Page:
Public Knowledge Opposes FCC Move to Undermine Broadband Competition in Multi-tenant Buildings

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Today, the Federal Communications Commission released a Notice of Proposed Rulemaking and Declaratory Ruling to reduce barriers to competitive broadband choices for consumers living in multi-tenant buildings, like apartments. Public Knowledge has long supported efforts to remove barriers to deployment and facilitate greater choice for residents of these buildings.

The following can be attributed to John Bergmayer, Senior Policy Counsel at Public Knowledge:

“While the Commission has historically recognized the importance of access to competitive broadband providers for all Americans, its policies over the years have typically fallen short of ensuring full competitive access to multi-tenant buildings. By permitting exclusive marketing and wiring arrangements and only prohibiting certain kinds of contractual arrangements, the Commission has undermined competition while purporting to promote it.

“Better policies would prioritize the needs of tenants over the financial interests of landlords and incumbent service providers. But rather than revisiting its approach, the Commission here proposes to double down, making it clear that for many tenants, access to competitive providers will remain a purely theoretical right, while asserting that its policies preempt state or local laws that seek to give a tenant's right to competitive providers more substance. In particular, the Commission has declared that a San Francisco ordinance giving competitive providers access to existing wiring is preempted.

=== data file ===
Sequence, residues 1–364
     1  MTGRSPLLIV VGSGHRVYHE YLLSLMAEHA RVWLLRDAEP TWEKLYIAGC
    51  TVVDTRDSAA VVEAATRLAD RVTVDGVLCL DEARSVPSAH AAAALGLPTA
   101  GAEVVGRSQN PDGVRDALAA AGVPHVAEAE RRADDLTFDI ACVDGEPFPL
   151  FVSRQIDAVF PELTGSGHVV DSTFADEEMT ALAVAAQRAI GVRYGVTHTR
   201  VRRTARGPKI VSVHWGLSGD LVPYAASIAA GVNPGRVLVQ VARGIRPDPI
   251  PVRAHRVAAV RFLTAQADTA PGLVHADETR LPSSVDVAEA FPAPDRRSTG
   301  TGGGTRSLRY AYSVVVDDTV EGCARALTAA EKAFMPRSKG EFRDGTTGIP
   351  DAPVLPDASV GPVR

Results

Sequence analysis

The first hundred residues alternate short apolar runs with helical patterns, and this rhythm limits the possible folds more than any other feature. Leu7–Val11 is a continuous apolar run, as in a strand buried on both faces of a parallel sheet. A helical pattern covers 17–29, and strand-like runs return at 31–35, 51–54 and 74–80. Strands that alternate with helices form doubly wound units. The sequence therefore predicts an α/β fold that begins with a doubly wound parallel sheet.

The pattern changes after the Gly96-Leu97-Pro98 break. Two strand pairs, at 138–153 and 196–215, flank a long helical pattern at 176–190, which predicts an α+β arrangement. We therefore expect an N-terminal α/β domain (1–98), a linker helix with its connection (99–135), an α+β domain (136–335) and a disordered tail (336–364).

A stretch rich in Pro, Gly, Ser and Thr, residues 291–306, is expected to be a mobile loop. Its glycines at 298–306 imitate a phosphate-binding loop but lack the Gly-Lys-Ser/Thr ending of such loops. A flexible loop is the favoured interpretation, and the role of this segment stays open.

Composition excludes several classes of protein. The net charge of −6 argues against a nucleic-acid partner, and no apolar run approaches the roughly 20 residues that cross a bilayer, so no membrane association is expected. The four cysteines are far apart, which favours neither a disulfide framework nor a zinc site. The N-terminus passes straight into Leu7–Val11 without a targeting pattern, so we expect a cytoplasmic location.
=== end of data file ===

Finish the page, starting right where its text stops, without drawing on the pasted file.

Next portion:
“Cities like San Francisco are working to close the digital divide and ensure affordable and reliable internet access to all of their residents, especially low-income and minority populations who are already struggling to find affordable housing and necessities. Giving tenants meaningful broadband choice where it is available and the opportunity to pay lower costs is a key part of this effort, and the FCC should be working with cities to achieve the public interest, rather than against them. Unfortunately, this latest Commission action is consistent with its recent efforts to preempt states from enacting meaningful net neutrality rules, and to limit state and local authority over small cell permitting.”

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